Fibonacci in Mt. Healthy has not announced a holiday brew yet, but they do have a Chocolate Mint Stout, described as tasting like a York Peppermint Patty, and a Pumpkin Porter flavored with cinnamon, nutmeg, allspice, maple and bacon.

So it’s high time to get out there and do your holiday brew tasting and choose your Christmas six-pack. Oddly enough no one, to my knowledge has done an eggnog stout or even eggnog flavored ale. I also think the peppermint flavor is under-utilized in the holiday brews. In this homebrewer’s humble opinion a good holiday beer would be a German Rauchbier (smoked beer) with light notes of either coriander, ginger and maybe clove. I think that would have went well with the smoked turkey we had for Thanksgiving.

Cincinnati’s Connection to Little Debbie and Her Snack Cakes



Snack cake lovers know its Christmastime when Little Debbie Christmas Tree Cakes start to show up on store shelves after Halloween. The delectable Christmas Tree Cakes now come in three flavors – chocolate, red velvet and the original vanilla. McKee Foods, the creator of Little Debbie Brands, introduced the Christmas Tree cake in 1985, and has developed a super-loyal cult following since then. Over the years, the cake has been modified a bit to look more realistic with scalloped edges, red icing and sprinkles. Fans go nuts over this holiday limited time offering, and Little Debbie is always looking for new ideas to increase holiday sales.
The top three selling Little Debby Brands are the Oatmeal Cream Pie, the Nutty Bar and to my surprise, the Swiss Cake Rolls, which I don’t know if I have ever tasted. The three combined sell over 200 million cartons a year.  The oatmeal and raisin crème pie were the first small snack cake products invented by company founder, O. D. McKee, in 1933, as he was building the company. Originally the company made and distributed large pies and table layer cakes to bread bakeries as a lost leader. The bread bakers would buy the cakes and pies to bring in customers, who would then buy more profitable products made at the bakery. The larger goods were dropped and the company’s success would be based on the smaller snack cakes.
Now the company has a whole line of Christmas holiday treats that include Christmas tree and Santa brownies, a white chocolate-dipped North Pole Nutty Bar; an eggnog-flavored, white-iced version of their Swiss roll; the Cherry Cordial Cake, and Christmas Gingerbread Cookies. What kid doesn’t develop a taste for the polymerically-chewy, industrial icing of a snack cake, that only slightly resembles fondant?

The interesting tidbit is that the formation of the Little Debbie empire is closely tied to the Seventh Day Adventist Church, to which the founding McKee family belonged and to whom the company still donates a huge amount of money. The SDA church is widely known for its views on healthy eating, avoiding meat, eating a vegetarian based diet and other unclean foods mentioned in the Bible. I guess there’s no mention of little snack cakes in the Bible, so they’re good.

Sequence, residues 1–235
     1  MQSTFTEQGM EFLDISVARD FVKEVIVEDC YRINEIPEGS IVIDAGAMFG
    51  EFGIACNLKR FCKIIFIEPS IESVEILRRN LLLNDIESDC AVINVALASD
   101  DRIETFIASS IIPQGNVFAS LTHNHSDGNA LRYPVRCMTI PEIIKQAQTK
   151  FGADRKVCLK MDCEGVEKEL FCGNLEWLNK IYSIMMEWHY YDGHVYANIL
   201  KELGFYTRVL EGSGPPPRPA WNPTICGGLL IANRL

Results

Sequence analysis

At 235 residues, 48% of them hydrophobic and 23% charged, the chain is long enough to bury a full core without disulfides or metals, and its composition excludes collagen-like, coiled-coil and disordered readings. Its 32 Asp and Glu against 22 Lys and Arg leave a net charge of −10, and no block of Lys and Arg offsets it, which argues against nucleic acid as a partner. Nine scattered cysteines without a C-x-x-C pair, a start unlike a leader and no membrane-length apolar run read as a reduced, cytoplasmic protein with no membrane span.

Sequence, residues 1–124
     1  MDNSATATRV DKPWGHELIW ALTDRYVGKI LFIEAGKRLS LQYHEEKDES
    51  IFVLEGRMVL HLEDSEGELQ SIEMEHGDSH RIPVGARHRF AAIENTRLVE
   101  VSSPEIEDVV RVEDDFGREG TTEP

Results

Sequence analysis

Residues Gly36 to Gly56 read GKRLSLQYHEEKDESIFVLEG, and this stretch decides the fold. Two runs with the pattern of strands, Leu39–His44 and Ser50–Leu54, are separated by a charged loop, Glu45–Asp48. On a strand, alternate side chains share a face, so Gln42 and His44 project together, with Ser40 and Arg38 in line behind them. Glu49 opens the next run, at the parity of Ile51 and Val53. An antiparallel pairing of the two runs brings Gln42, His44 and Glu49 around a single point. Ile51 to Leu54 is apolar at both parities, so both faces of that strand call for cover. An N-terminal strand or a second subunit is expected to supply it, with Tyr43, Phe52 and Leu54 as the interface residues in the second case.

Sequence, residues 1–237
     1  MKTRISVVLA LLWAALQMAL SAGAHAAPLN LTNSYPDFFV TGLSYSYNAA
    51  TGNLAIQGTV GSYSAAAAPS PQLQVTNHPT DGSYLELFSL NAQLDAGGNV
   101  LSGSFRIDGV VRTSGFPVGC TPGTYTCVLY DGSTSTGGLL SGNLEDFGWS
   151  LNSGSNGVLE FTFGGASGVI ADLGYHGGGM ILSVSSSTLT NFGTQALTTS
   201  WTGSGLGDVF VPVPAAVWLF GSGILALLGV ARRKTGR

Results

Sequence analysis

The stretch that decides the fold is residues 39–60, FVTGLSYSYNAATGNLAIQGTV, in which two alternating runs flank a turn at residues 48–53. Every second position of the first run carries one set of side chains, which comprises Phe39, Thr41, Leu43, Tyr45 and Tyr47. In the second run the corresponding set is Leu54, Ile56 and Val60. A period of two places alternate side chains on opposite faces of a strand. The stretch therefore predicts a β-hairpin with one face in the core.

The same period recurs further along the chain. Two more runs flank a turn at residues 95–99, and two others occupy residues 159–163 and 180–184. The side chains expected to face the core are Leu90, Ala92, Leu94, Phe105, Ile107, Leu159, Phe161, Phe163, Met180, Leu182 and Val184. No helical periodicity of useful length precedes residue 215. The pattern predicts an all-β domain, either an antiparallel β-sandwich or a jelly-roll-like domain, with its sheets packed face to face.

This year, on November 9, McKee Foods turned to social media for a little joke at their customers’ expense. Call it crowd-sourced Voice of Customer surveying. They posted a picture of four of their snack cakes – the Nutty Bar, the Christmas Tree Cake, the Oatmeal Cream Pie, and the Honey Bun – with the handle #OneGottaGo.” Customers took this to mean one of these snacks was on the Little Debbie chopping block. The post got immediate reaction from fans, voicing their opinion that if anything HAD to go, it should be the Honey Bun. I do agree amongst the four that the Honey Bun would be the least missed. But faith was restored when the company said it was just curious which one would be the least missed and that there were no plans for a snack cake culling.
And of course there’s a Cincinnati connection to Little Debbie . As it turns out, Little Debbie’s maternal grandparents, Mr. and Mrs. George W Sisson, lived in Cincinnati, in the 1950s, when their daughter Sharon Sisson married Ellsworth McKee, the son of the founder of McKee Foods and Little Debbie branded snack cakes. The two met as students at Southern Mission College in Chattanooga, Tennessee. The Sissons were part of the family that owned the Raquette River Paper Company, which was bought by Mead Paper in 1998. There was a Raquette River Company sales office for the Western United States, headquartered in Cincinnati at the Union Trust Building, which Sharon’s cousin Lewis Hamilton Sisson ran in Cincinnati from the 1920s until his death in 1953. It’s not known whether McKee Foods every used products of the Raquette River Paper Company for any of their packaging.


It was the image of Susan Sisson and Ellsworth McKee’s daughter, now Debbie McKee-Fowler, in her straw hat and play clothes, that was used to introduce an innovative new packaging concept in the snack world, called the Family Pack in 1960. A company salesman and O.D. McKee devised the design and had the box printed before Little Debbie’s parents even knew about the scheme. It was a new concept to offer 12 individually wrapped snack cakes in a pretty package for lower than the cost of the cakes sold separately to generate higher volume sales.


The real Little Debbie – Debbie McKee-Fowler as a three and a half year old girl and today.

After some trial, the Family Pack became so successful that the images of other McKee family members were trialed for branding, but Little Debbie outlasted them all. And now that image of the grandchild of Cincinnati grandparents is as synonymous in America as the images of Aunt Jemima, Betty Crocker, and in Cincinnati, Dottie Dorsel.